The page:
June 22, 2018
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Research needed before installing wind generators

By Tom Gocze, BDN Staff

Last weekend we decided to get away from the tourists on the coast, so we headed inland. I thought it would be interesting to go look at the wind generators in the town of Freedom. It was only a short ride from where we were and the ride on the back roads was delightfully free from cars from out of state. In fact, there were no cars at all.

As we got onto Route 137, I spotted the three wind generators off in the distance. We just kept going in what seemed like the right direction and before long we were within a couple hundred yards of the wind units. They are impressive.

I wonder about the aversion to them, given the fact that what went up on these ridge tops can always be removed. They are interesting to see.

I like the fact that they are a fast-track technology and they do (I assume) yield the property owners and local towns some revenue. They are certainly not without controversy, but it seems that nothing is without controversy these days.

If you get a chance, take a drive sometime and get a look at them. I think they are more visible from a distance than they are close-up. And I would not want to suggest anyone go trespassing on private property to get close.

I believe we can see that when well-sited, these generators can produce a reasonable amount of energy annually.

So let’s consider another wind technology: building integrated wind generators. These are small wind units that are mounted on the top or edge of a tall building in a city. The inventors claim that these are the next big thing. These devices are the darlings of the green TV programs and they get a lot of media coverage.

That is the problem — so much of the national media, TV in particular, does not get into the actual numbers. After all, many TV people are not hard-nosed investigators. If they are, they are usually looking for adulterers, murderers or crooked politicians. Any combination of those is like hitting the TV producer’s lottery.

So “green” inventions, such as rooftop windmills for big-city applications, are a great visual, and the inventor (or manufacturer) is taken at his word, which is usually laced with a lot of superlatives about their technology and very little documentation.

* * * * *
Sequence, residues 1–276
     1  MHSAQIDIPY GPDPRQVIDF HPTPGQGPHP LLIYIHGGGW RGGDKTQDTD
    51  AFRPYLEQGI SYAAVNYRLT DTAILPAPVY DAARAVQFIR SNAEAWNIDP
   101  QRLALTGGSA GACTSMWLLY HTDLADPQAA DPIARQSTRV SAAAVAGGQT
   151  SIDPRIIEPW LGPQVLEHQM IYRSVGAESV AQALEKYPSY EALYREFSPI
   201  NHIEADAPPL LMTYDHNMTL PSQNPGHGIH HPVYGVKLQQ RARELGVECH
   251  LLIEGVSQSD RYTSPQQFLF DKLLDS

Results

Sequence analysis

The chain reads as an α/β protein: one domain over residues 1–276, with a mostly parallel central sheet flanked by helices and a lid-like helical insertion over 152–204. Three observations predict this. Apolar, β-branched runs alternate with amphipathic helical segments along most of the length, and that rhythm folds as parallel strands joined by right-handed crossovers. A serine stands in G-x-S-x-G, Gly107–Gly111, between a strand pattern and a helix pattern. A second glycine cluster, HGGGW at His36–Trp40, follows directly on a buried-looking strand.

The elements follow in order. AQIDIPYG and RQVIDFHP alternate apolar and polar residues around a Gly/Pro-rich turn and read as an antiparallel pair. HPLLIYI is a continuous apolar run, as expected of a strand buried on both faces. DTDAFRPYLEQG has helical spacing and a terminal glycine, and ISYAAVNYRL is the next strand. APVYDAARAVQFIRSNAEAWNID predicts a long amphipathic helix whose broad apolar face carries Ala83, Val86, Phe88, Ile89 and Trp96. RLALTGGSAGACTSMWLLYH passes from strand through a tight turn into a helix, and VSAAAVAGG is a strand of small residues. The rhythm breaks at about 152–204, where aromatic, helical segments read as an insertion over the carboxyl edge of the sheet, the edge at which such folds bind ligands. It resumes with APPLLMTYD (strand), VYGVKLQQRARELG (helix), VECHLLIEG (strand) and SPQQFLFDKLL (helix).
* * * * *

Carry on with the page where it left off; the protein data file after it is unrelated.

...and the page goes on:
The good news is that these TV notices come and go (except for reruns). One hopes that someone who understands proper testing and engineering takes the time to test these things and report on them.

Maybe that is my job today, since there are no murders happening.

I am not doing the testing, just reporting what I have found.

Research is showing that rooftop wind generators perform rather poorly. There is a lot of turbulence that affects their operation. They are also usually rather small. Wind technology works best with really big generators. Big wind generators harvest a lot of wind energy because they can intercept a large area of wind. The larger the area the blades sweep, the more energy generated. This affords large machines a cost-benefit ratio that is unattainable from small installations.

Small rooftop units cannot compete nearly as well in an urban environment. The small area of wind that they intercept is almost inconsequential given the cost of installation. I hate to think about the possibility of something mechanical on the roof of a high-rise breaking off in a high wind and plummeting to the ground below. Talk about a bad day!

Two recent reports (one in the United Kingdom and one in the U.S.) indicate that small wind turbines far underperformed manufacturers’ specifications.

It seems that if people in a city want to do the “green” thing, they should consider rooftop gardens, photovoltaics or solar thermal and leave the wind installations to areas where the resource and scale can truly accomplish something helpful to society (and avoid killing or maiming random people with falling hardware!).

I am in no way trying to dissuade our neighbors in rural New England from thinking about wind generators. Just do the math, and ask for documentation of performance — better yet, talk to someone who has a system to find out how well it performs.

I hope we all can think rationally about the true costs of our investment in renewable energy and spend wisely.

Questions for Tom Gocze may be mailed to The Home Page, Bangor Daily News, P.O. Box 1329, Bangor 04402-1329. A library of reference material and a home-project blog are at www.bangordailynews.com/thehomepage.html.

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